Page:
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Trauma Research Foundation Organization
This foundation covers everything from school shootings, recovering from child abuse to how to use drama/theater in your recovery. I highly recommend signing up for their newsletter. One of the articles I am particularly thrilled about My Wishes for The Practice of Journalism Around Trauma. The author discusses more dignified coverage with ethical practice and less intrusiveness. I found the read very hopeful.
One annoyance but common practice is they only list therapists in their directory trained by them, and very specific training certification at that. I’m considering The Traumatic Stress Studies Certificate Program but only after I finished the current 9 month training program titled The Healing Trauma Recovery Program. I’m not an affiliate for either program.
Book Club - I have participated in two book clubs so far with the foundation and both were rewarding. I was a guest panelist one time for each book. You can watch the book discussions on their YouTube channel. The books I participated in include the number 1 rated trauma recovery book of all time: The Body Keeps the Score by Dr. Bessel Van Der Kolk and No Bad Parts by Dr. Richard Schwartz which breaks down the parts in his well known Internal Family Systems Modal. If you are a survivor but not a therapist, I strongly recommend working in this book while under psychiatric care for support.
Complex Post Traumatic Stress Disorder Foundation
What is complex post traumatic stress disorder? The answer is on the first page of their blog site: “Complex PTSD comes in response to chronic traumatization over the course of months or, more often, years. This can include emotional, physical, and/or sexual abuses, domestic violence, living in a war zone, being held captive, human trafficking, and other organized rings of abuse, and more. While there are exceptional circumstances where adults develop C-PTSD, it is most often seen in those whose trauma occurred in childhood”.
This organization offers trauma informed coaching. Please be mindful of their credentials. Trauma informed is not the same as trauma competent. What I do like about their coaching is that they are clear in stating they aren’t trained therapists (although some could be). They work on goal setting, habits, setting boundaries, life management, etc.
There blog accepts guest writers and survivors are welcome to share their stories or poetry and research articles. Lots of great info here to check out. This foundation offers support calls and host a livestream on Mondays. What I really love about their blog posts is that most are written by survivors.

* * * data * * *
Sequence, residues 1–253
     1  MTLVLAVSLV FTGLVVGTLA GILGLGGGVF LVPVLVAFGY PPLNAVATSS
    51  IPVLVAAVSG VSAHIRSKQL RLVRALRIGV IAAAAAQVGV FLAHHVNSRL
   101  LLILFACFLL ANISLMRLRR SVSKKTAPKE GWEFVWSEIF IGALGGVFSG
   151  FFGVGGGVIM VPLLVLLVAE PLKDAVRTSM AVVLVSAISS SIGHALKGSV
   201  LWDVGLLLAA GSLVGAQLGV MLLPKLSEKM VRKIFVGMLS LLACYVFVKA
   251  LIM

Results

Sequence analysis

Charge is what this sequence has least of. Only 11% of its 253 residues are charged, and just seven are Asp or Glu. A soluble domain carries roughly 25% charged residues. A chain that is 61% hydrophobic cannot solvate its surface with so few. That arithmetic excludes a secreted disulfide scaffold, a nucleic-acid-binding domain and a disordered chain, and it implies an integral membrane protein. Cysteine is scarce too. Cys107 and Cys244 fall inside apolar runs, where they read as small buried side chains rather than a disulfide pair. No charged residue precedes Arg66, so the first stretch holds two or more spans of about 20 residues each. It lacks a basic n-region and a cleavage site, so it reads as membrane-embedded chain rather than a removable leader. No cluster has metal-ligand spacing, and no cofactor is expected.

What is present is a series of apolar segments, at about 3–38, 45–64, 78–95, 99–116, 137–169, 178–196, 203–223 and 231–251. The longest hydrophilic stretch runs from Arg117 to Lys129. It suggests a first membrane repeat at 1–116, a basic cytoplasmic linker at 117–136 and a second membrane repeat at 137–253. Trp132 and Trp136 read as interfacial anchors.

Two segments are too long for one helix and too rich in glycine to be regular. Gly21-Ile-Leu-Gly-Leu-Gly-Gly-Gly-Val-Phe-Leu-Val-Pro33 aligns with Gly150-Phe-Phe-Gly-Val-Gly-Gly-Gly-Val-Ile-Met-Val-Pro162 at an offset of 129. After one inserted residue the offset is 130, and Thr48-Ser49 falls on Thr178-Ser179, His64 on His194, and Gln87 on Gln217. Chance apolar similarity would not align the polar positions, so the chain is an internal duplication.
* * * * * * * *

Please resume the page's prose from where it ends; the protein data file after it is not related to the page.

Beating Trauma Blog
The author, Ms. Elisabeth is both a social worker and a trauma recovery coach and thus was drawn to her blog since we share credentials. In her writing, she does a wonderful job breaking down and describing her journey with understanding her parts, especially those in conflict with each other. She explains in a clear cut way how our parts are protective of us and thus easily defensive. Understanding their roles unlocks some of the mystery of what we need to create safety wise before progressing in our healing. Her story of sexual abuse including being trafficked by her parents is heartbreaking. I nearly fell out of my chair when she boldly, bravely cited that her father trafficked her out to Marines outside of Quantico Marine Base as a CHILD. I am in awe of her speaking her truth.
Washington Post DOJ Article about Elisabeth’s advocacy efforts
Elisabeth also offers writing and parenting workshops. She is worth following!
Woven Together Trauma Therapy Blog
What I love about this blog is that it has elements that other blogs don’t seem to consider yet (at least to my knowledge). This blog has articles on immigration trauma, LGBTQIA and mental health, religious trauma, developmental traumas, etc. I’m super impressed with the diversity and inclusiveness in their blog articles. I’ve sampled a few but I’m eager to dig in and read more!
Woven Together offers four different quizzes, consultation, ketamine therapy (for survivors in California), many therapy modalities are offered in group or individual sessions. Intensives are offered on EMDR and Brainspotting as well. I’m curious and haven’t learned enough about brainspotting yet. It helps with feeling more grounded which is a must for trauma recovery and feeling safe.
Manitoba Trauma Information and Education Centre
"Everyone has a right to have a present and future that are not completely dominated and dictated by the past" ~ Karen Saakvitne
This website is funded by Manitoba’s Department of Healthy Living and they have done a fantastic job in building a trauma informed blog for survivors in and out of their community. The blog is chalked full of helpful information and seems like an ideal place for a trauma survivor to start when initially reaching out for help.
The introduction discusses everything to defining trauma, prevalence and the mind body connection. The effects of trauma section discusses most of the possible effects of trauma. It includes traumatic events, the impact across a continuum, how mind body and spirt are all affected, etc.
I love the resiliency section’s discussion on post traumatic growth and mental health. I found it to be hopeful. The Triangle of Wellbeing is based on the work of Dr. Daniel Siegel. Note the significance of relationships for our wellbeing.
Lastly, this blog site has a robust resource section that is worth reviewing and making note of as it includes books, websites, and links to pioneers in trauma recovery.
Thank you for reading and let me know what your favorite trauma recovery website is in the comments! Also share why you selected them!